The Catastrophe of Success


Aubrey Marcus (CEO Onnit) just introduced me to Tennessee Williams’ “The Catastrophe of Success” in his interview with guest Bryan Callen. Bryan, who I have seen in movies/comedy shows but could never have told you his name, is an amazingly intelligent, irreverent and controversial dude. He’s not mainstream, which I like, and offered up a lot of different books in the interview, which have now graced my Amazon wishlist. Together they weaved a discussion that I highly recommend.

The story, “The Catastrophe of Success” is written by Tennessee Williams as it related to his struggle with fame, notoriety, and all of the usual hauntings associated with overnight achievement. With the meteoric rise of The Glass Menagerie, Tennessee went from living in rented rooms to catered, first class hotel suites. The story at it’s heart is a tale that we should all be weary of the “wolf at the door”. In a goal-focused society such as ours, this is an often elusive idea, with a simplicity that escapes us, although I think you will agree, the theme resonates with a deeper knowing. A knowing that we should all practice for the act of practicing.  One of my favorite quotes from Zen and the Art of Motorcycle Maintenance is that “it’s the sides of the mountain that sustain life, not the top”.

As he begins, Tennessee describes that his life prior to success was his true life and he has now been born into a world where survival and security is no longer and abstraction, but a quantifiable certainty. Terrifying to behold, he spirals downward into an apparent depression like a man stricken with a disease whose mental capacity has not been diminished, but his body no longer functions. He solemnly writes to the death of his former self:

The sort of life that I had had previous to this popular success was one that required endurance, a life of clawing and scratching along a sheer surface and holding on tight with raw fingers to every inch of rock higher than the one caught hold of before, but it was a good life because it was the sort of life for which the human organism is created.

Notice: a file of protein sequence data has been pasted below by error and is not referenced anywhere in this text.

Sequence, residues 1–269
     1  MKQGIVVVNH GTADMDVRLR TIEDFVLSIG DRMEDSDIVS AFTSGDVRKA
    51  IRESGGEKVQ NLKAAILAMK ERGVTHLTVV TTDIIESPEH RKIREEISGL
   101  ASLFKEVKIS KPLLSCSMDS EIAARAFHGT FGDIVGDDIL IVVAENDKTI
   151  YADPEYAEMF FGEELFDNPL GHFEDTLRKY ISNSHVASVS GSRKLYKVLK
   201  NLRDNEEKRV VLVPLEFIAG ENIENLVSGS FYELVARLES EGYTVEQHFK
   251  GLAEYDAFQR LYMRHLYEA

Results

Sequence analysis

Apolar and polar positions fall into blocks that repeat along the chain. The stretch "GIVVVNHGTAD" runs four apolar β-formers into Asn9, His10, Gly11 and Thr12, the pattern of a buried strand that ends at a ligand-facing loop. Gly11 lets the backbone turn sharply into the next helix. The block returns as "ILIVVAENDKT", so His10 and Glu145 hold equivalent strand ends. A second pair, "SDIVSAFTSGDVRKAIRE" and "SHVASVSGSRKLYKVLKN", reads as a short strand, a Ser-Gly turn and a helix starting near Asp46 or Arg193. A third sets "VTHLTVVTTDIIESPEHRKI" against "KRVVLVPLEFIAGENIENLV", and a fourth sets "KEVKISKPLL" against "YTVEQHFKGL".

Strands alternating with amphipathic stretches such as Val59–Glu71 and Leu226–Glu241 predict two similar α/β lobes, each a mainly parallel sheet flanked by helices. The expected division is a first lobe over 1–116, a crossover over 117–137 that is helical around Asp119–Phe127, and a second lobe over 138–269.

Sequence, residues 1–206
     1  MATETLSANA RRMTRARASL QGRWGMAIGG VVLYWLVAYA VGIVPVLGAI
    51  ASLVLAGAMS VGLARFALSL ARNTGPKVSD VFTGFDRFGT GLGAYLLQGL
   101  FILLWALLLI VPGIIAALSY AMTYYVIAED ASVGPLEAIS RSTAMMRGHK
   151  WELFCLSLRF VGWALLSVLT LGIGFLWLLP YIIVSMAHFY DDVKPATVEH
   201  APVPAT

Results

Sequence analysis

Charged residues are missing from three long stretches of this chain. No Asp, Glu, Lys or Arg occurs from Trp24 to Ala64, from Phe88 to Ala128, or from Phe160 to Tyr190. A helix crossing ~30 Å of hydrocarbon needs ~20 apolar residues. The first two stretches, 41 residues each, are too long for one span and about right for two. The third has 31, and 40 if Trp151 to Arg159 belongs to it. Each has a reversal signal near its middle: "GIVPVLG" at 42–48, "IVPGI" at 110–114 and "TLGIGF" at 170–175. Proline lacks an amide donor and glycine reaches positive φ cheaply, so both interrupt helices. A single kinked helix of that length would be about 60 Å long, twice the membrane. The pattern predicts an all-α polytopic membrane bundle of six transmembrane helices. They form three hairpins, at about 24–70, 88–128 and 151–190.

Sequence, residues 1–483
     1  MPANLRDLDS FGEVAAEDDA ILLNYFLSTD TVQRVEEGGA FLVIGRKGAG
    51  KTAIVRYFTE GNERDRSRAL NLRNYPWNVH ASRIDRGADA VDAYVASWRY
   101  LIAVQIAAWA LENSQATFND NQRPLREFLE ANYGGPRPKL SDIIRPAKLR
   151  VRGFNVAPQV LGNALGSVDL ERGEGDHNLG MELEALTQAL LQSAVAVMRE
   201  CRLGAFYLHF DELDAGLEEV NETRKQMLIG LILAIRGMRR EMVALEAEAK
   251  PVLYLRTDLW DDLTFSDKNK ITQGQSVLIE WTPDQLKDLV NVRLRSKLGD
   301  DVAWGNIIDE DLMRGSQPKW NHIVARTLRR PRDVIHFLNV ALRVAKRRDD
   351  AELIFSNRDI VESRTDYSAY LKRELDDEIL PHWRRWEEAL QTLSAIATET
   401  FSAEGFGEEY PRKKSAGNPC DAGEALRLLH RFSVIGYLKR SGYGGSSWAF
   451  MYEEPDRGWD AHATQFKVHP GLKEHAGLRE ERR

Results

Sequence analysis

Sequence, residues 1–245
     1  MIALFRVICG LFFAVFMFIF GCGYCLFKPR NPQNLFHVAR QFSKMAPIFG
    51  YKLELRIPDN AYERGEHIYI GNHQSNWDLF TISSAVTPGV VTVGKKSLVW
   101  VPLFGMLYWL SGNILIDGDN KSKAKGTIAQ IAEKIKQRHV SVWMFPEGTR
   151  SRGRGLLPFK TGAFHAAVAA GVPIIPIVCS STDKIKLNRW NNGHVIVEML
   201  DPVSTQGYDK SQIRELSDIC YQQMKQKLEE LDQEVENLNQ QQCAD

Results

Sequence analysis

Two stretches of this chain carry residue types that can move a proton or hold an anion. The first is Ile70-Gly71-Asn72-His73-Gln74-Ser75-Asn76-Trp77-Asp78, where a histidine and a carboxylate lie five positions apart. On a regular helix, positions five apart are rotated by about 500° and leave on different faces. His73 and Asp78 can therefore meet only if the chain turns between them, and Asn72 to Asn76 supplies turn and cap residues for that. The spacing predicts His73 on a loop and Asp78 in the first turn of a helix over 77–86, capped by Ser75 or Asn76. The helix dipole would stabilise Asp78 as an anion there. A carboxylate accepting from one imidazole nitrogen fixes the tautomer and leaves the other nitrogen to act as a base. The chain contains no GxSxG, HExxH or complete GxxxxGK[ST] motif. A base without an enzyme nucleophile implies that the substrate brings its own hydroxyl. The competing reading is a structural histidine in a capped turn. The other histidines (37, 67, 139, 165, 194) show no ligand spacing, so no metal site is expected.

I was not aware of how much vital energy had gone into this struggle until the struggle was removed. I was out on a level plateau with my arms still thrashing and my lungs still grabbing at air that no longer resisted. This was security at last.
My public self, that artifice of mirrors, did not exist here and so my natural being was resumed.

I had to pause here after reading this. “That artifice of mirrors”. WHOOSH! A very Don Draper moment. It would seem it was plucked straight out of a scene from Season 2, Episode 12, where Don is sitting on the back porch of his California home, speaking to his first wife as the Pacific ocean crashes coldly in the distance. “I have been watching my life. It’s right there. I keep scratching at it, trying to get into it. I can’t.”

Tennessee laments about the cleaning staff at the hotel taking care of  “some drunken overprivileged guest’s” vomit and how no one person should have to clean up after another, stating an uncomfortable truth that it is really the person who is being cleaned up after that is truly more pitiful.

Nobody should have to clean up anybody else’s mess in this world. It is terribly bad for both parties, but probably worse for the one receiving the service.

Battle, it seems, is the crucible in which Man is formed. Even if it is the simple and mundane. It is the struggle, not the glory, that makes a Man who he is. As portrayed time and time again, “The Hero’s Journey”, although a  subtle thing which remains unnamed, is always there. Silent like a spider in the corner. Patient. Knowing.

Once you know this is true, that the heart of man, his body and his brain, are forged in a white-hot furnace for the purpose of conflict (the struggle of creation) and that with the conflict removed, the man is a sword cutting daisies, that not privation but luxury is the wolf at the door and that the fangs of this wolf are all the little vanities and conceits and laxities that Success is heir to—-why, then with this knowledge you are at least in a position of knowing where danger lies.

Making this realization, Tennessee moves out of his captivating surroundings and escapes to a shack in Mexico so he can be free to write without the fetters of society. His emancipation was fruitful, in this land without “false dignities and conceits” (as he puts it), and “A Streetcar Named Desire” is born. Prior to this departure, he even went as far as having an additional surgery on his eye to illicit a more genuine response from his acquaintances. Willing to pluck out his eye, literally. A dedicated move by a soul searching for more.

In the end, Tennessee’s message was only intended to be a warning that “security is a kind of death”. Mercifully, he doesn’t leave us without a life raft to cling to. Plainly stated, “that purity of heart is the one success worth having”. In other words, quoting William Saroyan, “In the time of your life-live!”.

And a final reminder:

That time is short and it doesn’t return again. It is slipping away while I write this and while you read it, and the monosyllable of the clock is Loss, loss, loss, unless you devote your heart to its opposition.


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